Lawton Plantation James Island Charleston County
— Lawton Plantation © Gazie Nagle, 2015 —
(Do Not Use Without Written Consent)
- Location James Island, Charleston County
- Origin of name For plantation owner Winborn Lawton
- Other names Heyward-Cuthbert House; Lawton's Bluff; Two Live Oaks
- Current status The land has been subdivided with the house privately owned
- ? Earliest known date of existence
- 1848 The Heyward-Cuthbert House along with the 50 acres it sat on was sold to Winborn Lawton and became part of Lawton Plantation (3).
Captain Thomas Heyward's will probated in 1737 directed that a house be constructed on the 50-acre tract property for his wife and children. It is believed construction was completed in 1740. The frame farm house belonged to Heyward descendants until 1848. The house is still standing and is thought to be the oldest home on James Island (3) (4).
- It is believed the house was used as a hospital for black victims of smallpox during the Civil War (3).
- Early 1900s The plantation was a dairy called Lawton Dairy (3).
- 1939-1949 Lawton Plantation was owned by John R. Jefferies.
- 1958-1960 Nicholas Zervos owned the plantation.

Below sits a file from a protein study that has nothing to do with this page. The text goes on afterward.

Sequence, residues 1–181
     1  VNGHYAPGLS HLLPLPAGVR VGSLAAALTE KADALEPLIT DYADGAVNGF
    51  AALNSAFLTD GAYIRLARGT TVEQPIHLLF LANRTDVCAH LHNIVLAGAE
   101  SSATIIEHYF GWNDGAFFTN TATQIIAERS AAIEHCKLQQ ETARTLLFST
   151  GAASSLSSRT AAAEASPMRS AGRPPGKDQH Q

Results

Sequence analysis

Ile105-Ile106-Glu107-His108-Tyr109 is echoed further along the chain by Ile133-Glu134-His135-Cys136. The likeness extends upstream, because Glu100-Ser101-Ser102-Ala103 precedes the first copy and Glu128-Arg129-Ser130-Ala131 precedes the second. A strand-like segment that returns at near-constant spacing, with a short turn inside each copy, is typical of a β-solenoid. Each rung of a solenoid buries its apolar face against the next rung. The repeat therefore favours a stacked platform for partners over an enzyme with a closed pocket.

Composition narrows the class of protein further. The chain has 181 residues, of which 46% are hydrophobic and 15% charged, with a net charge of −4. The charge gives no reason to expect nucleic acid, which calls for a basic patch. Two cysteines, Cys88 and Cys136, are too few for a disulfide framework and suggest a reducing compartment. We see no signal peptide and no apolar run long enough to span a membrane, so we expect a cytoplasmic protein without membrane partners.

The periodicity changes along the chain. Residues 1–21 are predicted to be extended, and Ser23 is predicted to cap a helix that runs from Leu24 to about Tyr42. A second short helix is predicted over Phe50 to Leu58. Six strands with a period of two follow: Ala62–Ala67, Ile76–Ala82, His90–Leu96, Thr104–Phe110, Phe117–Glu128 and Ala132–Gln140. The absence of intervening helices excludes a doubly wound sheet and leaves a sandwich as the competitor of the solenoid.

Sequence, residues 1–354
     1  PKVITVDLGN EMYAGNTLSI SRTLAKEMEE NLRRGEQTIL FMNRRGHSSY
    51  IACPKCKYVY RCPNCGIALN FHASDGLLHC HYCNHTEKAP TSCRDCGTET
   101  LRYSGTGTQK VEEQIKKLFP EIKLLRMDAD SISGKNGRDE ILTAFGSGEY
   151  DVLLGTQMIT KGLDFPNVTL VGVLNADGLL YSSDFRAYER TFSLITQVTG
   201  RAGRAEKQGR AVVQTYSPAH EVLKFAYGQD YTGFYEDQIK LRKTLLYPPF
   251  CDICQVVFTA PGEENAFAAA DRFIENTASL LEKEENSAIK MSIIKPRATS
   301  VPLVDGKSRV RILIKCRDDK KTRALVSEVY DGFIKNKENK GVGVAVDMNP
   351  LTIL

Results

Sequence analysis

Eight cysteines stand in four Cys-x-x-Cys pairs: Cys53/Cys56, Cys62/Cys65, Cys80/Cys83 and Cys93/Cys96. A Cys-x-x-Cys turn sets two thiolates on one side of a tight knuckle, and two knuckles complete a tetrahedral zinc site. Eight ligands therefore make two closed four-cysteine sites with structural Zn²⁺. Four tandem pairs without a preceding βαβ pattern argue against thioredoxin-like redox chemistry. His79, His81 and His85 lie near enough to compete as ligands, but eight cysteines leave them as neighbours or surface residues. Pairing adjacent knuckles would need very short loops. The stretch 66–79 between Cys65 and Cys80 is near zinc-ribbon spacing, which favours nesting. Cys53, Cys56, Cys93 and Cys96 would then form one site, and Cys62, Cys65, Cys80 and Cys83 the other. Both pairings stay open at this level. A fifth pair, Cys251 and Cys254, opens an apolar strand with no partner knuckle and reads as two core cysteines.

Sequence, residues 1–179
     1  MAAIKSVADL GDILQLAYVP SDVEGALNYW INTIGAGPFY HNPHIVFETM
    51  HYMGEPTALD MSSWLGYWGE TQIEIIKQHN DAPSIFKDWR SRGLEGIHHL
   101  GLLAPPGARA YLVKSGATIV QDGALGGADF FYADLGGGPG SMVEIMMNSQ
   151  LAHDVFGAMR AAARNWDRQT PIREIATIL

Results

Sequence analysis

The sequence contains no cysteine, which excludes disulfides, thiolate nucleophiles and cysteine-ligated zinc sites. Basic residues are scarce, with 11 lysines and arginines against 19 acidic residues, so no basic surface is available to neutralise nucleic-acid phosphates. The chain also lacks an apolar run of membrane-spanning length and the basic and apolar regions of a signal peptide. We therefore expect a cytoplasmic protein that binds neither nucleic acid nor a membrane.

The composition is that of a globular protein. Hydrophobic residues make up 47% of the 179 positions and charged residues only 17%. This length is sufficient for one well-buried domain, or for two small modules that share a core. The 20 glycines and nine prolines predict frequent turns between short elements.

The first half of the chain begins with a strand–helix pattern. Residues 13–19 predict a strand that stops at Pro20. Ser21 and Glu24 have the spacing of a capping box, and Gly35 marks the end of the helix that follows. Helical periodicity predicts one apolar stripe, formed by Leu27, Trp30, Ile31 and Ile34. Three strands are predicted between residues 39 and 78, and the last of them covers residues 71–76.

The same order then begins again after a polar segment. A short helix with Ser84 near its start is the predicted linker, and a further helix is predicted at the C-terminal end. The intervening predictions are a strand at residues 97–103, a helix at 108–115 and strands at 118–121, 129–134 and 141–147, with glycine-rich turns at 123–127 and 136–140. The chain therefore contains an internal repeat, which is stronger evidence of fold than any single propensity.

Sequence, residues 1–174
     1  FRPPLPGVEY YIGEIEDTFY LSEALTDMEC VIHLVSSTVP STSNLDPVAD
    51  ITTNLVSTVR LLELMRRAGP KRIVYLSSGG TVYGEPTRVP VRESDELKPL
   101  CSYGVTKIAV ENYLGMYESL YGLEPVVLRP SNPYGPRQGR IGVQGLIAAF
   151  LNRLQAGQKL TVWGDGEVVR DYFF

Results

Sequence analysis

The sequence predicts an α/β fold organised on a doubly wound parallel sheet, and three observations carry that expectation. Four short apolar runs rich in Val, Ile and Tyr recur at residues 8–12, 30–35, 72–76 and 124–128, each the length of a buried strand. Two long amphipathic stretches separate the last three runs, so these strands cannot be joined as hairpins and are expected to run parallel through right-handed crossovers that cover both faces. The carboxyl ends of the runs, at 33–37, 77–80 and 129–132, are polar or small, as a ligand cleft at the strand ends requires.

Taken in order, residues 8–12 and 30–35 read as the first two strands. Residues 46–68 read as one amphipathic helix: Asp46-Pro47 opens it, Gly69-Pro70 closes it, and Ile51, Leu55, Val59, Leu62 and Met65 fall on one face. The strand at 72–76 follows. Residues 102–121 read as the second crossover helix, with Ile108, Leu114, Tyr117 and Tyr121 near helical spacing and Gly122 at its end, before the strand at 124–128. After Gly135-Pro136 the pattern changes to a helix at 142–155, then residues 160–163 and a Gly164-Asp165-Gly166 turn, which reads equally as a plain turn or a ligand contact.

- 1967 Mr. and Mrs. Melvin Bessinger owned the property.
- Alphabetical list Mr. and Mrs. Melvin Bessinger (1967), E. G. Britz, Cuthbert (1820), Gervais, Captain Thomas Heyward (early 1700s), John R. Jefferies (1939-1949), Winborn Lawton (1840s), Whitehurst, Nicholas Zervos (1958-1960)
- Number of slaves ?
References & Resources
- 30-15 Plantation File, held by the South Carolina Historical Society
- As a child, Clyde Bresee's family moved from Pennsylvania to South Carolina where his father managed the dairy farm at Lawton Plantation in the 1920s. Breese penned Sea Island Yankee as a reflection of his childhood and time spent on James Island.
- Information contributed by photographer Gazie Nagle
- Real Estate Listing - source no longer available online
- Clyde Bresee, Sea Island Yankee (Columbia, SC: University of South Carolina Press, 1995)